Hear our prayer, Divine Maker. In your mercy, heed the distress of those who suffer – human and creature alike. Hear the cry of those who despair of waiting in vain. In these weary times, cover us with thy grace. Come and come quickly, we pray. Amen.
43:5 I will say to the north, “Give them up,” and to the south, “Do not withhold; bring my sons from far away and my daughters from the end of the earth–everyone who is called by my name, whom I created for my glory, whom I formed and made.” Isaiah 43:6-7
A year and a half ago, overcoming breast cancer consumed me. Though the tumor was discovered early – its aggressiveness meant undergoing chemotherapy in addition to surgery and radiation. Recalling the ordeal and how sick one can get during treatment, the passage from Isaiah 43’s theme of exiles came to mind, “I will say to the north, ‘Give them up,’ and to the south, ‘Do not withhold…”
How I longed to be released from the exile of illness and returned to the land of the living.
Throughout scripture, the Sovereign’s mandate bodes with nothing less than the full emancipation of God’s people. Nor are God’s people summoned out of darkness nameless. To be called by Jahweh’s name jettisons us out of categories long claimed by mortals. Whatever our life’s circumstances, we were created for the Sovereign’s glory.
When a child is to be baptized, the officiant standing before the parents, asks, “What is the Christian name of this child?”
Note that the officiant doesn’t ask merely for the child’s name – be it Marie, Benjamin, Cynthia, or Andrew. Whatever name is to be given to the child, it is not just prefaced but profoundly altered by the addition of the word, Christian. Looking at its Greek equivalent, the name, Christian or Christianos, literally means “a follower of Christ.”
You and I belong to God-in-Christ. No matter how long or brief our lifespan, the losses we’ve suffered, the deep-seated regrets we’ve shouldered, the assaults incurred, and the failures endured, the marvelous mystery is this: you and I remain faithfully known and irrevocably claimed by God.
When [the Three Kings] saw that the star had stopped, they were overwhelmed with joy. On entering the house, they saw the child with Mary, his mother; and they knelt down and paid him homage. Then, opening their treasure chests, they offered him gifts of gold, frankincense, and myrrh. And having been warned in a dream not to return to Herod, they left for their own country by another road. Matthew 2:11-12
The light shines in the darkness, and the darkness did not overcome it. John 1:5
Some fifty-two hundred years ago, before Stonehenge, before the great pyramids and before the birth of Christ, stone age farmers just north of what is now Dublin, conceived and constructed a large stone mound called Newgrange. Two-hundred feet in diameter but just under fifty feet high, Newgrange consists of a solitary opening connected to a long passageway that leads into the interior of the mound. At its center is a cavern made up of three alcoves. What makes this structure especially remarkable is that the long passageway and its interior chamber are aligned to the rising of the sun each year during the Winter Solstice.
For at dawn, and on December 21st, a narrow beam of light penetrates the roof-box of Newgrange and reaches the floor of the chamber, gradually extending to the rear.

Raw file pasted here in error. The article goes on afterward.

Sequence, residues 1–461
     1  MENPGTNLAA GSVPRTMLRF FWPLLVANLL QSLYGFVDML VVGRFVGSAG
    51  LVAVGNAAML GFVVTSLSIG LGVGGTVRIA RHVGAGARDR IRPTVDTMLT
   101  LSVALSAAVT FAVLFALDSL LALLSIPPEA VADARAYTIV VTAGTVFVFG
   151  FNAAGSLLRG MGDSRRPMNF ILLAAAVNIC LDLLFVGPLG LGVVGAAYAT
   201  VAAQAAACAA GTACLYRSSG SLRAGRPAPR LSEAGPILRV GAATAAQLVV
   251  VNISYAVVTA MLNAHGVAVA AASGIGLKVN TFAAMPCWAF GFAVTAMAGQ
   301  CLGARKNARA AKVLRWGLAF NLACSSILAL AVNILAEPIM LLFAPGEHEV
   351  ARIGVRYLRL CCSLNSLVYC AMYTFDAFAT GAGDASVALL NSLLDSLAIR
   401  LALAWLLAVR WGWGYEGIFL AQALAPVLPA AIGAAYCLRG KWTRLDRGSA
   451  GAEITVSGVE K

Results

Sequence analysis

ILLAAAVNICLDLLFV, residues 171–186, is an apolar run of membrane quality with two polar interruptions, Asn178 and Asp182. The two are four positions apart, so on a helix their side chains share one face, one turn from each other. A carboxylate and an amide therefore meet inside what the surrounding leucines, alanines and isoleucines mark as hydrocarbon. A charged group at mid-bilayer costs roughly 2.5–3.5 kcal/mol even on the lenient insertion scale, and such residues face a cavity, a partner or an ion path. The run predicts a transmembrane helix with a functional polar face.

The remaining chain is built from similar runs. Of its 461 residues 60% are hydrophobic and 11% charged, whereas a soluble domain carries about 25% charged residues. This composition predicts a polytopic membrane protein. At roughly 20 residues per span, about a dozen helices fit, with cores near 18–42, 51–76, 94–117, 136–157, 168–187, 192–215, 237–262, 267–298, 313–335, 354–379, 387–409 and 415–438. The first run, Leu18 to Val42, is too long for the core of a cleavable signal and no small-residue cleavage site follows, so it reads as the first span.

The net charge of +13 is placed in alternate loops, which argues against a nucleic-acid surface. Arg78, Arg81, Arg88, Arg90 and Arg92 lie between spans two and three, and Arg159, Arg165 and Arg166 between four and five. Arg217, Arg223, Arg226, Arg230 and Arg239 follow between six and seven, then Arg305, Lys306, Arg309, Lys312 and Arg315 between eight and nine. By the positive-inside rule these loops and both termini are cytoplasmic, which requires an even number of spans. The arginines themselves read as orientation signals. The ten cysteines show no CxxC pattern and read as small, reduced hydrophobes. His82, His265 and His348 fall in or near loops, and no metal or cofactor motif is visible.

As the sun rises higher, the beam extends and widens, reaching its interior cruciform chamber so that the whole room becomes dramatically illuminated.
Each year scores of people gather in the darkness…and wait.
The activist theologian Bill Wylie-Kellerman was quoted by Sojourner’s, noting, [The Epiphany season] ‘beings and ends in light. From the heavenly star to the radiant robes of transfiguration, Epiphany is about revelation, [a]…sudden brightness that lights up the landscape of a mind or a community or a whole social order. The light reveals, but not passively; it summons and it sends.” 
Epiphany reminds us that we are summoned and sent to Be a Light (…in a dark place). 
Just last Tuesday and while offering a Bible study about the Christmas Season at the retirement community where I work, a resident asked, “If December 25 is over, just why are you continuing to talk about Christmas?”
But provided (as one author notes) that your eggnog hasn’t soured or that you haven’t stashed the creche until next December , there is a reason why the lectionary lingers on the Christmas Season and Epiphany. Because the arrival of the Christ child is anything but sentimental…as much as we’re tempted to make it so.
Scripture recalls the visitation of Three Kings from the east, who seeing that the star’s radiance remained over Bethlehem, entered the house where Mary, Jesus’ mother, and Joseph were with the infant Jesus. Despite that the newborn king was not surrounded by a royal entourage but lay in a feeding trough, the Magi were overcome with joy and adulation. Kneeling down, these distant travelers paid him homage. Then opening their treasure chests, they offered him gifts of gold, frankincense, and myrrh. And having been warned in a dream NOT to return to Herod, they left for their country by another road.
But there is a problem – both as identified by scripture, and as experienced in the world, Jesus was born into. It is not coincidental that the journey of the Magi to see the newborn king begins and ends with Herod. The subsequent passage that speaks of the Holy Family’s escape into Egypt following the Magi’s visit – because an enraged Herod sought to destroy the Light of the World by ordering the massacre of children and infants in the vicinity where Christ was born is not coincidental either. Any more than it is coincidental that the gifts to the infant Jesus, foreshadowed his death.